Poker Chronicles Essentials Live Ten Commandments Basic Rules Casino Beginner Common Mistakes Bankroll Coaching Training
Playing live poker can be a shady business, especially when playing in back rooms, poker clubs, bars or similar venues. And while casinos offer a much more reliable environment, some of …
Playing live poker can be a shady business, especially when playing in back rooms, poker clubs, bars or similar venues. And while casinos offer a much more reliable environment, some of these rules will help you there as well.
Rule no. 1: Never let no one know, how much dough you hold!
In poker, the best chances of winning lie with whoever has the most information and can interpret it correctly. Knowledge is power. Asking a player about his bankroll seems harmless enough at first, but is in fact far from it. Knowing how much money a player can bring to the table is essential.
It allows you to analyse your opponents’ style of play and to adjust your own way of playing accordingly. If you know an opponent can afford the bets, he is more likely to make critical calls. And of course it is easier to force an opponent out of play in certain situations if you know that his bankroll is insufficient.
Envy is another factor. With a big bankroll you’ll risk not being paid out, pumped for money, or cheated.
My advice is to appear poorer than you really are. Tell people you have to pay off a bank loan or other debts with your winnings, and don’t have any qualms about it. In live poker you’ll have to listen to a lot of bullshit anyway, and it’s just not worth it to be honest about some things.
Rule no. 2: Never trust nobody!
As mentioned in the about me column, I played live poker for over a year. I witnessed a lot of incredible things, and the bottom line is to trust no one, absolutely no one. Live poker is all about the money. There isn’t much room for friendship or honor.
People you never thought capable of doing so blatantly pocket chips, and when you get back from a quick visit to the restroom, one of your €100 chips may have vanished into thin air.
In some rounds, the credit handed out to players backed by the house will drive the amount of money at the table up to several thousand $, while the “real money” invested only holds a couple of hundred $ cash. What good is winning a thousand bucks if you’re never going to see the money. People you trust will pump you for money on the pretence of having to pay their rent in order to avoid eviction. And even if that’s not a lie, you may hear the next day that they lost the borrowed cash gambling.
Hosts often cheat on the rake so shamelessly that at the end of a game there will be none left of the 200 each $5 and $10 chips available at the start. I have played in games where the house made far over $4000 between nightfall and daybreak and the blinds being $1/$2. Each month there were games where something strange was afoot.
Guarding against such things is not easy, but it’ll save you a lot of trouble if you trust only yourself and no one else.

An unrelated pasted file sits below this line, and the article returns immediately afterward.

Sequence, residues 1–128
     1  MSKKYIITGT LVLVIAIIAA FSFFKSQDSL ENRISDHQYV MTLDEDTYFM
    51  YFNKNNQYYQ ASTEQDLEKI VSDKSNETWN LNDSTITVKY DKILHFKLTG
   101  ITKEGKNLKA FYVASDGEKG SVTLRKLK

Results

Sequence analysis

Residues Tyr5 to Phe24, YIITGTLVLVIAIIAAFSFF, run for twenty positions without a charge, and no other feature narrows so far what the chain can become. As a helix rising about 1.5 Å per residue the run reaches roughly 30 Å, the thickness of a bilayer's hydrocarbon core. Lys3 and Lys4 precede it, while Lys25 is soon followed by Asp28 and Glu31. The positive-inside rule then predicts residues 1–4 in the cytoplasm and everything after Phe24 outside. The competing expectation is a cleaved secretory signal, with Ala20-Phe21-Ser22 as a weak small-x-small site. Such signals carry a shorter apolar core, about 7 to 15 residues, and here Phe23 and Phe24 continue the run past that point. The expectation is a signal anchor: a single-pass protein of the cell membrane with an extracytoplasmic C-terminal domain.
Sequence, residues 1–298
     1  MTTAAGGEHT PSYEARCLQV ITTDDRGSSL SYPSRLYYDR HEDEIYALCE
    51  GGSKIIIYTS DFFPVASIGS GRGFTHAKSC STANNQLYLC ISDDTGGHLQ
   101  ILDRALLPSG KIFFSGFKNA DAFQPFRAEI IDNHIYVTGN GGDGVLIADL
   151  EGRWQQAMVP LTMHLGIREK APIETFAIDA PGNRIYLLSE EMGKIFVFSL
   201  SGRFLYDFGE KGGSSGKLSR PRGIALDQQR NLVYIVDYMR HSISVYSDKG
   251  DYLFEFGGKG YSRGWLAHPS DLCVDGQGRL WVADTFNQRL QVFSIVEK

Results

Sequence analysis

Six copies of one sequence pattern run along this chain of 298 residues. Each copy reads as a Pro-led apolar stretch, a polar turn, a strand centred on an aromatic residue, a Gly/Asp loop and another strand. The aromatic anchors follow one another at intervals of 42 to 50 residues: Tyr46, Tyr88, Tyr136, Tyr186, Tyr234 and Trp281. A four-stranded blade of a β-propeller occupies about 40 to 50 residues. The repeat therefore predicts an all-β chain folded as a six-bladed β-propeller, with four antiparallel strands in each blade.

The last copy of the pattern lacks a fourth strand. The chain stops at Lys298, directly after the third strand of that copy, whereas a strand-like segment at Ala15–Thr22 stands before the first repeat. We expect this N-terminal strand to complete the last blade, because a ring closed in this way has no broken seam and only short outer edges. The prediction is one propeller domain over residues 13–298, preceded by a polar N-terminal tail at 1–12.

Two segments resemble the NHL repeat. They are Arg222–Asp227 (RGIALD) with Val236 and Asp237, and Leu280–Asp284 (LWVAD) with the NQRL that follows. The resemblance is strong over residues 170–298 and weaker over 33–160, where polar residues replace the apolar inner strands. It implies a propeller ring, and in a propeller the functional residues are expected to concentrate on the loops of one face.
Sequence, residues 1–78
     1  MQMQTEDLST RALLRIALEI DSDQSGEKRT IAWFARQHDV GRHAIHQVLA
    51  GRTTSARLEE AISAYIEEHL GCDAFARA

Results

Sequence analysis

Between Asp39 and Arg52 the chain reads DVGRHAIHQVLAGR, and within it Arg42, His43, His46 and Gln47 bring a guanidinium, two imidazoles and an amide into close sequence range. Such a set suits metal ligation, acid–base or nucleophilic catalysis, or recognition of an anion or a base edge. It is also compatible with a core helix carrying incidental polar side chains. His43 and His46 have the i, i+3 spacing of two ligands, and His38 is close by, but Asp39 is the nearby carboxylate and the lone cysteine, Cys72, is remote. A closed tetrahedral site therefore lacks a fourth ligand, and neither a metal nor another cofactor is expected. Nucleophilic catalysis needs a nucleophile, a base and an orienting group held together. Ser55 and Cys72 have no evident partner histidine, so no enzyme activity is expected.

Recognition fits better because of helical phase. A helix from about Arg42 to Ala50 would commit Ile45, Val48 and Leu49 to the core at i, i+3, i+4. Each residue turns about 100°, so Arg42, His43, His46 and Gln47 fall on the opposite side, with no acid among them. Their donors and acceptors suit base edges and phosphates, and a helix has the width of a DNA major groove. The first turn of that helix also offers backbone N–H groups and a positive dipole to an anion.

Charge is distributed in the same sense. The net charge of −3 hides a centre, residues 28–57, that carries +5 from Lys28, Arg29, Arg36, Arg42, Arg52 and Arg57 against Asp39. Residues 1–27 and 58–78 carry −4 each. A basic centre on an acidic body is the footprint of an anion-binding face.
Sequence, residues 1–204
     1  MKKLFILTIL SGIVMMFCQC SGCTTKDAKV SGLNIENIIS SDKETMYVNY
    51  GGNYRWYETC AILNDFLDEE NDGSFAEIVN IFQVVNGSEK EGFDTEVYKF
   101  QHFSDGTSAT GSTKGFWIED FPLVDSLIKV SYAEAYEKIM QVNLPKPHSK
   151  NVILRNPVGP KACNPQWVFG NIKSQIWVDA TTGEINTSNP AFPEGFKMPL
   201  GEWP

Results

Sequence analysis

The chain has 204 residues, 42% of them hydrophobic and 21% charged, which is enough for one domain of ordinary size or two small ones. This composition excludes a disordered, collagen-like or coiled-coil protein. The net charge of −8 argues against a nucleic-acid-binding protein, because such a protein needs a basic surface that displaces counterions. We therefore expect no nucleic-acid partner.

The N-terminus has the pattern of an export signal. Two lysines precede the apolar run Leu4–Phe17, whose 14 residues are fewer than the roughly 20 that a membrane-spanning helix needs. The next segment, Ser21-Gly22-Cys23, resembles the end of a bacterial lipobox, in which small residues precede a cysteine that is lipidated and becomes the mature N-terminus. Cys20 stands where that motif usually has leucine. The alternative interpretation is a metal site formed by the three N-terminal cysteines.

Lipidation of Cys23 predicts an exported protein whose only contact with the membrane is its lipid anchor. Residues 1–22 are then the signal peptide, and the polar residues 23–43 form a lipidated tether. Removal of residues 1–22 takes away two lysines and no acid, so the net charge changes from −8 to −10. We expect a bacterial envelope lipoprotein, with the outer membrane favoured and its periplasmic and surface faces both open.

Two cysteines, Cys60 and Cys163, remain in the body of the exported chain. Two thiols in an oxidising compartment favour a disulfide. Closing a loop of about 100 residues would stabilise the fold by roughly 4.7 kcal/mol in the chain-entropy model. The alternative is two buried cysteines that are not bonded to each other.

Rule no. 3: Never play if you can’t afford it!
A little experience will let you notice which players have a sufficient bankroll and which don’t. Use this information (see Rule no. 1)!
Never play without sufficent funds! The fishiest table is worth nothing if you’re playing with your last few bucks. Particularly, don’t play with borrowed money. It’s a sure way of getting into serious trouble! So if you only have $100, go for the $0.05/$0.10 blind cash game until you have enough to play for $0.10/$0.25, and so on. Never join a $1/$2 cash game with only $100. You simply won’t stand a chance!
Rule no. 4: Never play for the house!
Once you get to know the game organizers, hosts, or whatever you want to call those guys a bit better and they know your a steady player, they’ll likely offer you to play for the house.
The usual offer is fifty-fity terms, which means you’ll have to give up half of your winnings, but in turn the house will cover for 50% of your losses. There are advantages and disadvantages to that.
The main advantage is that you only have to command half a bankroll matching your level of play. With the feeling of having the house at your back, playing is less stressful, psychologically.
In practice, however, the disadvantages clearly outweigh the advantages. You’re always last to receive your money; it will take weeks in most cases. It’s easy to feel like you’re not playing for real money and make bad choices as a consequence. Unlike the other players betting with cash, you won’t be able to cash out your chips at the end of the night. It’s a vicious cycle, and don’t fool yourself into thinking it would go any different for you. The only one with a real advantage here is the house.
My advice is to rather play on a lower level, but for your own account.
Rule no. 5: Play only when your mind is focused on the game!
Never play when you’re tired, drunk, under the influence or in distress! Never! Never play to block out anger, rage, grief or frustration! It’s bad enough having to go through a rough patch, but making bad choices at the poker table won’t help make the pain go away. So don’t play when you’re not on top of your game!
The Online casino have to make people feel satisfied, trusted and comfortable, so that they feel the same as they feel in the offline ones. That is the main reason of keeping the rules same and avoiding the confusion for the people. Most of the games are also same here.